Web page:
Practical Ecommerce

Ask An Expert: What Data to Mine from Abandoned Carts?

“Ask an Expert” is an occasional feature where we ask ecommerce experts questions from online merchants. For this installment, we address a question about collecting lost customer data from abandoned shopping carts.

The question comes from Jim Richardson, founder and owner of CuddleWorks, a Tigard, Ore.-based stuffed animal and teddy bear retailer.

For the answer, we turn to Josh Pierry. He is CEO and founder of RevenueExpect, a San Mateo, Calif.-based remarketing provider. His company provides services that help merchants contact cart abandoners.

Jim Richardson

Jim Richardson

Jim Richardson: “What information can you mine from abandoned shopping carts? The obvious would be product and email address. But are there clues left behind as to why the customer left, such as the shipping rate was too high or the checkout page was too long? And finally, is it appropriate to follow up with the customer via email to try and capture that sale or is this looked upon as spam?”

 

Josh Pierry

Josh Pierry

Josh Pierry: “Let’s start with what information you can mine from abandoned shopping carts: abandoned data, trends over time and, abandon rates by field and form.

“The abandoned data you can mine is varied depending on the form and what a user will enter in. But you can capture any data entered into the form, as well as data not entered into the form. This goes to the next two points. Based on what data is or isn’t entered in can start to provide trend data over time and abandoned rates by field and form.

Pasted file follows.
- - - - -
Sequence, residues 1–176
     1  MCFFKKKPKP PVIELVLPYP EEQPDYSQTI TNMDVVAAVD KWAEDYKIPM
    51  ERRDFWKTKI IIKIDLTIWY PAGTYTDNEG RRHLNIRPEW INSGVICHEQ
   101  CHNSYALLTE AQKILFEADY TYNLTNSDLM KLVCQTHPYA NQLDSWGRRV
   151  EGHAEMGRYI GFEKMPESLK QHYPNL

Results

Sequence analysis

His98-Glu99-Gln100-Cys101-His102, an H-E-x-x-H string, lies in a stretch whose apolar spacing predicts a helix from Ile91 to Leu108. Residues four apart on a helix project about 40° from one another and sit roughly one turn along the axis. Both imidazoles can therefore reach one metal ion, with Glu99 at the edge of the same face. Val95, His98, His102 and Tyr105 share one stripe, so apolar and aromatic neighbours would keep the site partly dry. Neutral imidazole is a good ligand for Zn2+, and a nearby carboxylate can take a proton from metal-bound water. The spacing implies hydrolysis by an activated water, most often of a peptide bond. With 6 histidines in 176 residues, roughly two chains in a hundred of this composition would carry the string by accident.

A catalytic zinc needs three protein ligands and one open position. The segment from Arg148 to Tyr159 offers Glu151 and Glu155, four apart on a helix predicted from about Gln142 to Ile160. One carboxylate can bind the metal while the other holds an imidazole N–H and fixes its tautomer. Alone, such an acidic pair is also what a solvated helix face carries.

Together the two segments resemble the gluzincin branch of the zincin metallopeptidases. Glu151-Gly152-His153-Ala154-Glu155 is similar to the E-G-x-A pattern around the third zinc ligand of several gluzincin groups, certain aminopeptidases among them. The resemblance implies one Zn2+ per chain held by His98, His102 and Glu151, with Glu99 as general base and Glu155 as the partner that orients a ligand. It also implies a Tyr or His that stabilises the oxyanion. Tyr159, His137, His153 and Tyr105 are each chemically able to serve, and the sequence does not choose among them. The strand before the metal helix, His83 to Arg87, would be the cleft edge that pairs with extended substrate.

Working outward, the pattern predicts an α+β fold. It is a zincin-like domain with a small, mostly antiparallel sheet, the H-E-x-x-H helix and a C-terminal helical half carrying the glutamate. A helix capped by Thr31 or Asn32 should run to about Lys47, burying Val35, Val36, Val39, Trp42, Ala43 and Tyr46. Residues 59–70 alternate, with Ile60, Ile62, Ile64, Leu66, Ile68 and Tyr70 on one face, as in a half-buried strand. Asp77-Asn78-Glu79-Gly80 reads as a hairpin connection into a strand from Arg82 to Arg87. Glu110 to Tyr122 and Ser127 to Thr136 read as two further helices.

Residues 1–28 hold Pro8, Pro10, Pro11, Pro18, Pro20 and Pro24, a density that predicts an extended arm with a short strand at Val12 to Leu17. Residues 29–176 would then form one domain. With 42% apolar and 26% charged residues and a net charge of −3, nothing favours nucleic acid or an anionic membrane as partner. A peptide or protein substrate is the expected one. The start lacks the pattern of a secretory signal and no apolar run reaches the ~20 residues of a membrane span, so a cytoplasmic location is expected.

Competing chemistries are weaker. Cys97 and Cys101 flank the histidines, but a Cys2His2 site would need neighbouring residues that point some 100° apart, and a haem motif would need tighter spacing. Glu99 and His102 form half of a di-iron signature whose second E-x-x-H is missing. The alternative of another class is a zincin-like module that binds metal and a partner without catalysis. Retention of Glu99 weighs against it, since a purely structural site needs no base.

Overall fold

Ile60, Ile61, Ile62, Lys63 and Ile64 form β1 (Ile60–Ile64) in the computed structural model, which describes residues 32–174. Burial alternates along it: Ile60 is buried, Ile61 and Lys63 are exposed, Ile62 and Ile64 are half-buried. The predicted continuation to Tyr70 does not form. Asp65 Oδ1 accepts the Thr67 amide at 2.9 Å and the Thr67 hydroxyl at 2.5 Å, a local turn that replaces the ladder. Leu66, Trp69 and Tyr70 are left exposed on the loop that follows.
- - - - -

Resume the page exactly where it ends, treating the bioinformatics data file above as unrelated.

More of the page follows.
“This data can be used in number of different ways, including:

  1. Identify forms that are too long.
  2. Identify fields that customers have issues with, or never fill out. This is a great way to take out additional fields that are not needed thus optimizing conversions.
  3. Track conversion trends over time by browser. This helps to see if there are cross browser compatibility issues with new code updates, for example.

“The last issue you bring up is whether or not you can follow up on abandoned data. The short answer is ‘yes, you can follow up.’ The good news is that, in our experience, customers also want to be followed up with, as well.

“When following up with potential customers, we don’t recommend sending a sales or offer email, but rather a customer service email. If a user didn’t complete the transaction, then more than likely there was an issue with the site or they have additional questions. Don’t treat your prospective customers like a cash register, instead treat them like a customer and try to provide superior customer service.”

Practical Ecommerce

Practical Ecommerce

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  1. e-onlinedata Erin February 7, 2011 Reply

    Is it better to followup with an email vs. a phone call?

  2. mollygriffin February 7, 2011 Reply

    Great points. I recently read an article today that said consumers were likely to spend 55% more when they are re marketed for an abandoned shopping cart and actually return to make a purchase. I know that our clients here at Dydacomp have seen a similar number when they contact their customers with a short email.

  3. Renegade February 8, 2011 Reply

    Without sounding like we’re intruding or pestering the customer, what should our "customer service" email say to them?

  4. Pamela Hazelton February 8, 2011 Reply